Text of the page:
animefringe january 2003 / reviews

Chicago Vol.1: Book of Self
Format: Left-Right manga, 194 pages
Production: VIZ / Tamura Yumi
Comments: Chicago is shoujo as you've never seen it before, with plenty of action blended skillfully with an engaging plot. Manga fans of either sex will quickly fall in love with its cinematic storytelling and high-quality illustrations.
Animefringe Reviews:
Chicago Vol.1: Book of Self

When I first spied Chicago, plucking it out from packing peanuts in our back room, I was intrigued. You see, the cover of the first volume is colorful to the point of being pretty, the eyes of the characters on it are huge and detailed, and for all intents and purposes, it appears to be a simple shoujo manga. And then I noticed Rei's huge knife and realized (at the risk of sounding silly) that this is not my little sister's shoujo manga. Sure, it looks like shoujo. It reads like shoujo. It even smells like shoujo. However, there's an uncharacteristically large dose of explosive action and intrigue added into the stew of what would normally be composed of sugar, spice, and everything nice. Chicago features all of the staples of shoujo, but tosses a few grenades into the recipe, and the final result is something uniquely entertaining.

True to shoujo form, Tamura is skilled at creating some beautiful characters. Eyes are especially detailed, but her character designs are equally attractive. This is a plus, for most of the panels in Chicago feature characters rather than backgrounds or objects. Feelings are generated as a result of how the characters look, whether they're enraged, stressed, or just having fun. Every once in a while, Tamura switches to a somewhat super-deformed style, but this is rare and the comedic moments are always welcome. There may not be incredibly well designed machinery like one would see in Fujishima Kosuke's works (Ah! My Goddess or You're Under Arrest to name a couple), but the visuals are nonetheless appealing.

Visual style aside, what truly drew me into this work was the well-written plot. At first, things were a little confusing, but after finishing the entire volume, it became obvious that this installment is merely the beginning of a storyline deep enough to be worthy of shoujo fans. The plot follows the actions of Rei and Uozumi, two rescue workers caught up in some mysterious events following Tokyo's most devastating earthquake of the 21st century. While searching for survivors on a man-made landform, their party was attacked by an unknown force. Only Rei and Uozumi survived, and the attack cost the latter his leg. Then we flash forward to the future, where the two remaining partners are trying to go on with their lives even though the events that transpired were covered up by the government and smoothed over by the press. Some truths, however, are hard to conceal, and soon enough, Rei and Uozumi are working together again. This time, though, they're hoping to discover answers to the questions that have been haunting them since the incident...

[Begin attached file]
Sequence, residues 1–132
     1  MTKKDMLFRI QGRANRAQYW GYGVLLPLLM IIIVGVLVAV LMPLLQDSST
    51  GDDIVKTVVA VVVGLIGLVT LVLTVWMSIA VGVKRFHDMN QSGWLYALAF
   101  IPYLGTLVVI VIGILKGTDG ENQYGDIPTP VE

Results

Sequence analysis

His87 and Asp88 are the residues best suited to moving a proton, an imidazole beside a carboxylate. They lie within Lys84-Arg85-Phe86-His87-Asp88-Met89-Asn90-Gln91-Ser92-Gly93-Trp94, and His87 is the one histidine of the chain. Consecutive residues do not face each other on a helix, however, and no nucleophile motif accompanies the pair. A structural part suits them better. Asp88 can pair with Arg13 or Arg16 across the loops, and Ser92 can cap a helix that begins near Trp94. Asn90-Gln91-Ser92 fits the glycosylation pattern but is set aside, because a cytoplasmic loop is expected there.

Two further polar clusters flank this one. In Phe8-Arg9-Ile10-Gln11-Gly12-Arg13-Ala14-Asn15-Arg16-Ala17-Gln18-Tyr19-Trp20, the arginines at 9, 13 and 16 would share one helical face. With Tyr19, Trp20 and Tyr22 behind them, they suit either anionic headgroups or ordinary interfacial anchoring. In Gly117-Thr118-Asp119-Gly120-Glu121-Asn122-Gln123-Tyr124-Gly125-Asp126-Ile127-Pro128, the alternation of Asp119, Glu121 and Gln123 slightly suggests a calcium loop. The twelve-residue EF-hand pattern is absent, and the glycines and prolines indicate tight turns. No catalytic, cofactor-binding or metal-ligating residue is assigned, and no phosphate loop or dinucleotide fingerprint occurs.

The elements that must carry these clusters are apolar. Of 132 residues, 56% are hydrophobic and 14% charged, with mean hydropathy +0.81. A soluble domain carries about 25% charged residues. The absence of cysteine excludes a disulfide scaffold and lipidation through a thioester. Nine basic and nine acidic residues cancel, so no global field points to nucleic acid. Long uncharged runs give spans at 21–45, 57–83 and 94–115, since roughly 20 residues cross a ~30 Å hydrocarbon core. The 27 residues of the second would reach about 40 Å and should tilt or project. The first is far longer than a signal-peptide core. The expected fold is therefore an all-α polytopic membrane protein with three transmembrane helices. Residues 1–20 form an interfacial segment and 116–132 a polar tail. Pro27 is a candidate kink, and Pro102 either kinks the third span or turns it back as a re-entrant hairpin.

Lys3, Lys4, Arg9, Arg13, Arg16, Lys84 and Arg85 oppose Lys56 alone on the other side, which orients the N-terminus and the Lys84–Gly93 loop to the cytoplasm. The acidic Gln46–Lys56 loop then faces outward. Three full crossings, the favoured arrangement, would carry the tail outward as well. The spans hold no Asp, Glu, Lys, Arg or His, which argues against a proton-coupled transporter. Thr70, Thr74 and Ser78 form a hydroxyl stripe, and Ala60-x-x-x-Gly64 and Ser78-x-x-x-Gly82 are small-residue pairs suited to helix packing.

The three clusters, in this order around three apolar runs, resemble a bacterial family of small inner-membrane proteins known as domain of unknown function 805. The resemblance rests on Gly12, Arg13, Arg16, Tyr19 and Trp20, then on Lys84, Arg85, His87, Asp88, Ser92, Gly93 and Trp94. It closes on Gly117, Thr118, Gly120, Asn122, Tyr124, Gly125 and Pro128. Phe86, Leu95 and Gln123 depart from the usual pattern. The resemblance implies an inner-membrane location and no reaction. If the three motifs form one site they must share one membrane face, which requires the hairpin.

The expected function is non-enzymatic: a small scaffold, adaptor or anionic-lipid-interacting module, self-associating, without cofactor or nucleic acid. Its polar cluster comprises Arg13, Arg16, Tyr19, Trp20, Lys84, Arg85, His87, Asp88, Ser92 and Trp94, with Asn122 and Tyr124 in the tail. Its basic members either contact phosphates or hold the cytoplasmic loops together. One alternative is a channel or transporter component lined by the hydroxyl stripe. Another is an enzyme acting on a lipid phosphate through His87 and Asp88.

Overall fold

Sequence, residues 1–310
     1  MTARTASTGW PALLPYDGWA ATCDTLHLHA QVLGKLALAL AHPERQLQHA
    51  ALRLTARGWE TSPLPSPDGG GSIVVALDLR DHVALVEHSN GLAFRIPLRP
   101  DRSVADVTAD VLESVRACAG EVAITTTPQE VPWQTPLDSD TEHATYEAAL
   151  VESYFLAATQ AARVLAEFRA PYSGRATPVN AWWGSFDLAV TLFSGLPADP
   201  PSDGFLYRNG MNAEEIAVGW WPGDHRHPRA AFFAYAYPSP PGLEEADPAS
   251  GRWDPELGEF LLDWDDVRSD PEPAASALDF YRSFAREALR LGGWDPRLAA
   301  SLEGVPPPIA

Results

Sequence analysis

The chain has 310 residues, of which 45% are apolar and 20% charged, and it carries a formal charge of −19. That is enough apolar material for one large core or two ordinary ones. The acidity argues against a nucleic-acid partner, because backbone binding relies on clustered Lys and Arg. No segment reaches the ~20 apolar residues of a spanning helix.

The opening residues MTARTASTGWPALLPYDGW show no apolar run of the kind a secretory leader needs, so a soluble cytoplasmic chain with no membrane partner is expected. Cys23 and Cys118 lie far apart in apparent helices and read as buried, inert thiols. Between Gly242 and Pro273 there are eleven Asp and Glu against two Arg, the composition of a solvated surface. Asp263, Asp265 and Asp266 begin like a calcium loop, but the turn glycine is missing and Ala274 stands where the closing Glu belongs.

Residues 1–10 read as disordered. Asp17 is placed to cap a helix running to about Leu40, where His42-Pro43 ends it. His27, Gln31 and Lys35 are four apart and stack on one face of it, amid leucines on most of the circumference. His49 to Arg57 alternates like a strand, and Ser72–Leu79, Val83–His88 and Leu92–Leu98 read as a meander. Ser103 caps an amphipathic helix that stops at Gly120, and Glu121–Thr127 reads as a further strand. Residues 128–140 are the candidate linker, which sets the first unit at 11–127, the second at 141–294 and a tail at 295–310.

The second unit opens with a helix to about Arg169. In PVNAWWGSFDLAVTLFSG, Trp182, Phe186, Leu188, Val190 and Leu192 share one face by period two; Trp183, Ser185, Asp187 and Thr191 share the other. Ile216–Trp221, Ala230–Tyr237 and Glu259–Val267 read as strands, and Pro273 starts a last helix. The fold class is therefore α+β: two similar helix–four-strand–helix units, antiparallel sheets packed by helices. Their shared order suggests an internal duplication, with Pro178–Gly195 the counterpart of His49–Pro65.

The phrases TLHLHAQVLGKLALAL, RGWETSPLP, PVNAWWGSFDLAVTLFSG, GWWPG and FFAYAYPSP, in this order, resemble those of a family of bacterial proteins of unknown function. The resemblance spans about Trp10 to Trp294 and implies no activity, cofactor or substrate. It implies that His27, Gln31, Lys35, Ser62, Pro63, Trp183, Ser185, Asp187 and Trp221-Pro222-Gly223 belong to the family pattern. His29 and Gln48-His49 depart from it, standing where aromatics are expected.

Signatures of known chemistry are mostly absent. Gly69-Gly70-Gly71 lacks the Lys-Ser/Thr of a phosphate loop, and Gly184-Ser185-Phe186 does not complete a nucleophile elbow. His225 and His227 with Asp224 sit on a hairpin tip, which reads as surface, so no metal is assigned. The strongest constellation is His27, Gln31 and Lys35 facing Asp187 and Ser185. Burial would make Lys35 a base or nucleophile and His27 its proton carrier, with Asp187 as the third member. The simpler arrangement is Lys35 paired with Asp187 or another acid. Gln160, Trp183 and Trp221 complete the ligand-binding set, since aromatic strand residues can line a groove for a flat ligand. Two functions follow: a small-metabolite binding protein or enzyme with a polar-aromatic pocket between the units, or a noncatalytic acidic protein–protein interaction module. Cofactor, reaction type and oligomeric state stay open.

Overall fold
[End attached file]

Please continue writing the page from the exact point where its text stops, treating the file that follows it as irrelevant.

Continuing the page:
The series gets its name, oddly enough, from a Tokyo bar. Of course, this is no ordinary Tokyo bar, but really the front for a low-key private organization devoted to rescuing hostages. The organization contacted Rei and Uozumi, aware of their skills, and hired them with the suggestion that perhaps taking on the job could illuminate the mysteries plaguing the two. With that tempting opportunity, along with the draw of their general good natures to help those in need, the duo takes the organization's offer. Only time will tell if their decision will answer any questions, or simply raise a host of new ones.

Characters in this series are exceedingly well fleshed-out, with each one having plenty of personality quirks. From Rei's rough past to Uozumi's interesting choice for a lover, these are characters that would be interesting in any scenario. I'm also rather impressed that Tamura made both of them abstainers. That is, they don't drink alcohol, which is a refreshing change from most action heroes. I'm not saying that I abhor alcohol and feel that everyone that imbibes the stuff is a vile creature, but it's nice to see characters with a distinct positive trait, rather than a defining character flaw. Plus it's a good message to send to the younger readers in the audience, though with all of the violence, perhaps they won't have a chance to read it in the first place.

Essentially, Chicago is a thrilling, unique read filled with multidimensional characters and a great action storyline. Sort of like shoujo on steroids, it has all of the depth and emotion with none of the frilly lining, and as such this should appeal to the guys as much as the girls out there. It's beautifully illustrated, well translated, and a blast to experience. If only it were unflipped so that it would read from right to left, then it would've scored a few more points. Even in its mirrored incarnation, this is a lovely series that is certain to entertain any action-loving manga fan with a desire for a plot.